March 18, 2013, 11:24 PM
I want American made, that's why I'm not considering Springfield.
I don't want used, I rarely buy used guns. It's just between Colt and Ruger.
Can someone elaborate between forged and cast frames, and which one is which, I mean Colt is which and Ruger is which? That comment got my intention.


It's not just the frames though. Colt uses better quality small parts than most in their price range. For instance, Colt uses a slide stop that is milled from barstock, while many companies use MIM or cast slide stops. The barstock part is more expensive, but it will be stronger and better able to stand up to the forces acting upon it.

As another posted said, the Ruger was supposed to sell for around $600-$650, but demand for them has outpaced supply and prices have been effected. The prices on Colts have been pretty steady, though finding them can sometimes be difficult. They don't keep their entire catalog of models in production throughout entire year, which may leave you searching for some time to find a particular model. To me though, they are worth the wait.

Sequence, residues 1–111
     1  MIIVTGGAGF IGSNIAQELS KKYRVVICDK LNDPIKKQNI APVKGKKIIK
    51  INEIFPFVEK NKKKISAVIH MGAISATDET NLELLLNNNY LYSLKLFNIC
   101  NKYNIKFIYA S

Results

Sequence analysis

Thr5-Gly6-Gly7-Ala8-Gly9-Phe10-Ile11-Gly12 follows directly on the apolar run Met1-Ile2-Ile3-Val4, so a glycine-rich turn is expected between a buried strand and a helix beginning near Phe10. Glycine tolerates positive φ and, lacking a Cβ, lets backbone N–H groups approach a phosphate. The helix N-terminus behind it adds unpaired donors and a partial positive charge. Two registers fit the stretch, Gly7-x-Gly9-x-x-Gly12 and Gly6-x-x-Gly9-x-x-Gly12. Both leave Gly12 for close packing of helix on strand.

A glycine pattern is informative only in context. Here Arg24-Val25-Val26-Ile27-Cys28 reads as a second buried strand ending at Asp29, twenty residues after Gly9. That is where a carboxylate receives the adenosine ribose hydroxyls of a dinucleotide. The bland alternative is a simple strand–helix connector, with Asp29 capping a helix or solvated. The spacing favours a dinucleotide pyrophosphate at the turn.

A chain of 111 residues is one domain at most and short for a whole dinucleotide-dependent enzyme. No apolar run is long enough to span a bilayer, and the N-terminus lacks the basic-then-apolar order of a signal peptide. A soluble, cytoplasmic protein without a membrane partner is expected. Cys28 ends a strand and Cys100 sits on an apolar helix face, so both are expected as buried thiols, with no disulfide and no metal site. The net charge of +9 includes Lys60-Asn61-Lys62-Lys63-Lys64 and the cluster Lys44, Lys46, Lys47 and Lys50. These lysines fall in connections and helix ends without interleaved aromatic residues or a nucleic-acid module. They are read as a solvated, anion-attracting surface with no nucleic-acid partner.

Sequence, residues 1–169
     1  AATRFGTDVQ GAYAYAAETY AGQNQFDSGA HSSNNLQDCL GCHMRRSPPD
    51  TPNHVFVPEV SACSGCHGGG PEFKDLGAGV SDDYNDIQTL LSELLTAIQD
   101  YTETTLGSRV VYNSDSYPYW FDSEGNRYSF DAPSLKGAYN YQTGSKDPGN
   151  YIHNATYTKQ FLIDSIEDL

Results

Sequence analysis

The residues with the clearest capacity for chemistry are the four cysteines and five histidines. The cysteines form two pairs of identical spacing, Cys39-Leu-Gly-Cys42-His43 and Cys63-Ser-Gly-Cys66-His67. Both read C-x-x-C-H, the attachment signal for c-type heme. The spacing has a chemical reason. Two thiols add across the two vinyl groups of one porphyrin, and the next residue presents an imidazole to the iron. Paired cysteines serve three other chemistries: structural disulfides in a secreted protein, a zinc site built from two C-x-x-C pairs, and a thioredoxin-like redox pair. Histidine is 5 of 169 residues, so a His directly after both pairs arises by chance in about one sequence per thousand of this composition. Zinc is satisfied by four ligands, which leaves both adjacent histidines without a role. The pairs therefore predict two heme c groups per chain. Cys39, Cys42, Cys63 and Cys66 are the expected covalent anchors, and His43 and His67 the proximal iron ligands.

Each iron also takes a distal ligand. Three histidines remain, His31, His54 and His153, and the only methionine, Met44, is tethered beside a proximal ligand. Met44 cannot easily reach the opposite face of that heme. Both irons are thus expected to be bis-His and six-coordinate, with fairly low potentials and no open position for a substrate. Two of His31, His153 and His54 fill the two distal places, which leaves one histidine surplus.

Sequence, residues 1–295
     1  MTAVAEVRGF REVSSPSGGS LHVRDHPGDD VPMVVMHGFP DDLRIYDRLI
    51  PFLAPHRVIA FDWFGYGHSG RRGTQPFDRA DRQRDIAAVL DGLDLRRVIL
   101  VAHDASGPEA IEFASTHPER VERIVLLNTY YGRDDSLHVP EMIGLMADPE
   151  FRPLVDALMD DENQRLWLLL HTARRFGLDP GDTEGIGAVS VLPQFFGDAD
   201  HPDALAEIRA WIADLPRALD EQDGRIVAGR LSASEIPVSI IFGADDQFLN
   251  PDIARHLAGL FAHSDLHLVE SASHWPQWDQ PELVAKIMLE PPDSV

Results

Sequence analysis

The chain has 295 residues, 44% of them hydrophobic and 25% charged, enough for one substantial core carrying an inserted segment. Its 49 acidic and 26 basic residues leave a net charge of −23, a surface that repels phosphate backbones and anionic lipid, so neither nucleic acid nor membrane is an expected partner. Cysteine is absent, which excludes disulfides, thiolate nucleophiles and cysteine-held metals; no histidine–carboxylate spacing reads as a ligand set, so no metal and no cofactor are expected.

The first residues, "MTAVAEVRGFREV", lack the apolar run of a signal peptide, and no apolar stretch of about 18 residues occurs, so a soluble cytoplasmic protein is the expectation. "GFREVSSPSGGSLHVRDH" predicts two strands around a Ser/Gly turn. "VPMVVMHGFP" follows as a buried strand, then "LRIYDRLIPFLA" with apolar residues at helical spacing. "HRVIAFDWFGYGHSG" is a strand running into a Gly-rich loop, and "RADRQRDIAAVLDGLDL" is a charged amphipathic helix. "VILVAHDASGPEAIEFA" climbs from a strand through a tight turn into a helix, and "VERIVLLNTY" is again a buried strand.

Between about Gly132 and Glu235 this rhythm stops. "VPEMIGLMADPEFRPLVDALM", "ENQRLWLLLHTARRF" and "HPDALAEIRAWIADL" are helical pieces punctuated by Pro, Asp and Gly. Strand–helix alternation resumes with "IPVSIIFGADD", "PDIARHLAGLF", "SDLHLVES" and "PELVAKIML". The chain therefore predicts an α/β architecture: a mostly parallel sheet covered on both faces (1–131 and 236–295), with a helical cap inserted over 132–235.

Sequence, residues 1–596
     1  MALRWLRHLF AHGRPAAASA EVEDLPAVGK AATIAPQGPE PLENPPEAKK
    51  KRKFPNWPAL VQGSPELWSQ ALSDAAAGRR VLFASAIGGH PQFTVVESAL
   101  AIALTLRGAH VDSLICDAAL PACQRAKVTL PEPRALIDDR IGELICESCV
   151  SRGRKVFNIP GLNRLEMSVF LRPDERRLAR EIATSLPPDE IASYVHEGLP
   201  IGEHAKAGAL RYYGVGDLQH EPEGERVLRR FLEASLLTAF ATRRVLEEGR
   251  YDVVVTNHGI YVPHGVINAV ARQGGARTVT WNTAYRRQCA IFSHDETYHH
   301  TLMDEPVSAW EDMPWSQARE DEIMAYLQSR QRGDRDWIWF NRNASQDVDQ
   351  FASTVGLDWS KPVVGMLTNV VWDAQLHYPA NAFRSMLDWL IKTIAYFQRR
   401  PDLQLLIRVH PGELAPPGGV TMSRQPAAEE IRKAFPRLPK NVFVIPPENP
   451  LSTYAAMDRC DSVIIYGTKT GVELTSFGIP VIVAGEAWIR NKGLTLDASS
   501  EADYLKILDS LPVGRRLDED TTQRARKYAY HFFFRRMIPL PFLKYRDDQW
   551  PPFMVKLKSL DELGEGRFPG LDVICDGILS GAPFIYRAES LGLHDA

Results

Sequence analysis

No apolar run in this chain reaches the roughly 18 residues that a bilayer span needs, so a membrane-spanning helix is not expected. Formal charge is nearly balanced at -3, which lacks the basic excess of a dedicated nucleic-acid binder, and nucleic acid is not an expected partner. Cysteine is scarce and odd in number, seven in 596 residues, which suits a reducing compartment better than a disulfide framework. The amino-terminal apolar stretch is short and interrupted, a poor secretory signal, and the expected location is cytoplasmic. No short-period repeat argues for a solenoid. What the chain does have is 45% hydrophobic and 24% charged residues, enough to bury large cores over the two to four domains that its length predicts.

CNobbe
March 19, 2013, 12:15 AM
I personally think the history of the Colt 1911 makes owning and shooting one more fun. I've had four of them, still have a Series 70 and a 1991 and they're made better than the Ruger IMO. Always prefer forged over cast, but I did have a Ruger 1911 and never had a problem with it. I sold it for a profit despite firing a few hundred rounds through it back in '11.

Depending on what features you want, and considering the price a lot of shops are asking (and getting) for the SR1911....check out the Sig 1911s too.

I've only tried the basic "XO" model, but boy was it a nice shooter. Nice features on it as well for a $750 gun.

I plan on adding one to the collection pretty soon here.

Fishbed77
March 19, 2013, 12:15 AM
I considered a Ruger SR1911 strongly, since it has a great feature set, is American made (a requirement for a 1911, in my eyes), and have not proven to be that tough to find around here (when I was looking, I had no problem finding them for under $700.

But I decided that I should just spend a little extra to get what I really wanted - a Colt Government XSE, and I have not regretted it for one second. American-made, incredible fit & finish for a mass-produced pistol, forged frame, perfect reliability so far, and a rampant pony on the slide (not a prancing pony). What's not to love?

http://i1235.photobucket.com/albums/ff427/Fishbed77/DSC_0217.jpg

tarosean
March 19, 2013, 12:21 AM
The Ruger a nice looking gun to look at. However if I was going for a shooter or carry piece it would be Colt.. You can always add E Brown or Wilson small parts to enhance the look.